After the first focus group the students were positive about using their homework diaries to try and become more organised. They agreed that writing the homework and the deadlines down and keeping the notebook with them would develop their organisational skills because they were more accountable for the homework tracking. Additionally, we arranged to meet twice a week at a break time to discuss their organisational record and share tips on upholding their expectations. Some of the students admitted that they were less likely to make positive behaviour choices in lessons if they had forgotten a homework or a book due to the teacher ‘already being mad’. They all agreed that if they were more prepared for lessons it would improve their behaviour throughout the rest of the lesson.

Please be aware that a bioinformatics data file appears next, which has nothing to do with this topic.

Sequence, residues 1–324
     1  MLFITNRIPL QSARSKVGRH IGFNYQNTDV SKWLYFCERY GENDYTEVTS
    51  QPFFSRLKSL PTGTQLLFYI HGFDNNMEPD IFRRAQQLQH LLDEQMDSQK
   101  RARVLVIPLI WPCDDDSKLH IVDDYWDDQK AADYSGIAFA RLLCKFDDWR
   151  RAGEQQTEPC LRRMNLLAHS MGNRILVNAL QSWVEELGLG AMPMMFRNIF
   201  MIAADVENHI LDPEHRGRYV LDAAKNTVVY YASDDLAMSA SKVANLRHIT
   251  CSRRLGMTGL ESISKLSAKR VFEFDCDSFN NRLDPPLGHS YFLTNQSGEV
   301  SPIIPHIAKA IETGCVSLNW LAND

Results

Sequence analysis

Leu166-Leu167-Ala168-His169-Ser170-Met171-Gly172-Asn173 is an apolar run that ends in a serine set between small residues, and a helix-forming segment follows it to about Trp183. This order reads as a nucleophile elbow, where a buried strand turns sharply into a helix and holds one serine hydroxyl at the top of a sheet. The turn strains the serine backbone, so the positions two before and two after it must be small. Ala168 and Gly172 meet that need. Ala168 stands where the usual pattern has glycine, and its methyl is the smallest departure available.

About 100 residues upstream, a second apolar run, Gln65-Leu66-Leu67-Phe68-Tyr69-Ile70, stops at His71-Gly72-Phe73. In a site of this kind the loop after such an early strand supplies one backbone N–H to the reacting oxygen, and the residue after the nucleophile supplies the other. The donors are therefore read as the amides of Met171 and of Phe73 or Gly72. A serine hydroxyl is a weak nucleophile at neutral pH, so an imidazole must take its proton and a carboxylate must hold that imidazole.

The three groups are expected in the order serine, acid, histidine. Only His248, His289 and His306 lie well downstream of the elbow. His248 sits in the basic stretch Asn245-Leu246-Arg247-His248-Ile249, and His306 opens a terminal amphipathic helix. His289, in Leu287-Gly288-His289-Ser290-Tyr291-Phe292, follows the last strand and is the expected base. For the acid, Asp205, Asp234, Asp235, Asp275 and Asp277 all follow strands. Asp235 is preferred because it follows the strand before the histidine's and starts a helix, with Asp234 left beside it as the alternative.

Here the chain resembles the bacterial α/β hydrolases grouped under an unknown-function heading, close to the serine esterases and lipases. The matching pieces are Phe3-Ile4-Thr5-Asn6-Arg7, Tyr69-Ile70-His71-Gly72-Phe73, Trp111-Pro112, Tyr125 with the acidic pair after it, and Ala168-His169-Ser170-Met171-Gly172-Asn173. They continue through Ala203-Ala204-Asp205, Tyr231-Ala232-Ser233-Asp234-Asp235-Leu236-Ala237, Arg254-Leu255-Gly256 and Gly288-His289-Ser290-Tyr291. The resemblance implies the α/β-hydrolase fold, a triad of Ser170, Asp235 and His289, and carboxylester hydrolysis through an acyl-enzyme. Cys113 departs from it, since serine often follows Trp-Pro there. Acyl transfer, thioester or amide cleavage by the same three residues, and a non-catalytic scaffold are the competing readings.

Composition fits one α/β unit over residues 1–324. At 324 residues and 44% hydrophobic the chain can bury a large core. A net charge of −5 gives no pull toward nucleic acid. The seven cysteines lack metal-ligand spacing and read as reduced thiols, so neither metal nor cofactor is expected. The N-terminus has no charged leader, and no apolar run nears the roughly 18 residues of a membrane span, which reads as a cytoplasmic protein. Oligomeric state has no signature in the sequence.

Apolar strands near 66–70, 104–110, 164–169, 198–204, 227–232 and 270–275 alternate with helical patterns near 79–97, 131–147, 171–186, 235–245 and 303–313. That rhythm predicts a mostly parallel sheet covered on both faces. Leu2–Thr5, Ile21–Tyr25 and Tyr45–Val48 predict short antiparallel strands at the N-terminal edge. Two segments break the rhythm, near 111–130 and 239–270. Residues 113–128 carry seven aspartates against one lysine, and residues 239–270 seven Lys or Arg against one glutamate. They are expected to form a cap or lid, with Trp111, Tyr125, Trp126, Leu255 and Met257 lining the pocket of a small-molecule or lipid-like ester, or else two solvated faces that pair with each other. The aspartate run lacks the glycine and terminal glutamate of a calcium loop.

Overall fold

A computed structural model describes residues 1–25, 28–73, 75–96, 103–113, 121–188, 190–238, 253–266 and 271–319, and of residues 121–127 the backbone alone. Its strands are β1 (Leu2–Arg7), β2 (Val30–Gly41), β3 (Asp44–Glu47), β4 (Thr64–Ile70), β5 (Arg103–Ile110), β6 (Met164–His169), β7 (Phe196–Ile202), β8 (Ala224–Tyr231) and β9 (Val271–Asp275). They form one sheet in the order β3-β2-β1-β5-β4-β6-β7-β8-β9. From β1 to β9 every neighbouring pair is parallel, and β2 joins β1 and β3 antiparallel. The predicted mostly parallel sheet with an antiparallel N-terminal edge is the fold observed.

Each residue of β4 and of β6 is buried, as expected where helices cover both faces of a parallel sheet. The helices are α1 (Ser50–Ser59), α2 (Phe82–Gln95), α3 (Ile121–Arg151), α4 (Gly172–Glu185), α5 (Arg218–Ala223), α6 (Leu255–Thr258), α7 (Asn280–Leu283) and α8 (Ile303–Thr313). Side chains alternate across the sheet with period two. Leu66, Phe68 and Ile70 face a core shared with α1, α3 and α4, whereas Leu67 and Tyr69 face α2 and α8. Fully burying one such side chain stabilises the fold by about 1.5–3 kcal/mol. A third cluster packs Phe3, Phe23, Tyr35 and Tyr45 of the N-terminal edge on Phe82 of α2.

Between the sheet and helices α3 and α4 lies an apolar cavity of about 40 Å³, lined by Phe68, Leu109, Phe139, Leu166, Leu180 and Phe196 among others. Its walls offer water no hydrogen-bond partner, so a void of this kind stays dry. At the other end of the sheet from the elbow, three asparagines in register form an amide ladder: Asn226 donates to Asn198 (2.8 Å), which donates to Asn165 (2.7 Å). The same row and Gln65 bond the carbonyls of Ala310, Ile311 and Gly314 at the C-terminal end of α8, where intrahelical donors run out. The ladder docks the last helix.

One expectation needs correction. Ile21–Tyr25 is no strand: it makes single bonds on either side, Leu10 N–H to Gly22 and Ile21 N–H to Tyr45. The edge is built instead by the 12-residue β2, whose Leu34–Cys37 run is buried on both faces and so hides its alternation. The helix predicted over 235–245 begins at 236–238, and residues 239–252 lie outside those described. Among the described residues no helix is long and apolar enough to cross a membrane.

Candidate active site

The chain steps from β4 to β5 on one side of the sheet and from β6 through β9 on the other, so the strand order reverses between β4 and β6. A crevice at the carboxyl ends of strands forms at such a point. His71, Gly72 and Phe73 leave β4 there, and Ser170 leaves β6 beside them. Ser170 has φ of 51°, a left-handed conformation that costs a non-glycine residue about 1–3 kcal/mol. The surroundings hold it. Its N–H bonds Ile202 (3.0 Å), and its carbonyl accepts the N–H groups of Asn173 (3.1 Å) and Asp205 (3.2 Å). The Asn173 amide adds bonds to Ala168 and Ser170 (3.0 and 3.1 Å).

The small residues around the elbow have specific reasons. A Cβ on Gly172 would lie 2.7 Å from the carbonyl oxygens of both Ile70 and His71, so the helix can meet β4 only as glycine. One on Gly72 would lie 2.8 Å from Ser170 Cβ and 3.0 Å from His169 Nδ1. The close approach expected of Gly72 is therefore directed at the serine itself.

After the first two weeks the difference in their organisation was clear. All 6 students had handed in most of their homework and they all had remembered all their equipment for each lesson over the two weeks. By the end of the 6-week period the students were only receiving one or two pink reprimands between them each week. At this point we had the next recorded focus group. In this meeting they all expressed that they were extremely proud of themselves and this was an excellent incentive to keep going. This made it evident that these students needed a different way of tracking their homework, as the app did not work for them. This shows that it is important to understand that a lack of technology or technology literacy can severely impact a student’s organisation and therefore their behaviour in lessons. All of the students except for one had been making positive behaviour choices in the lessons and they agreed that being better prepared for lessons made them want to try harder and make more progress in the lessons. Furthermore, completing the homework had increased their understanding of topic in the lesson so that they felt that they could contribute more to the lessons and therefore felt more confident.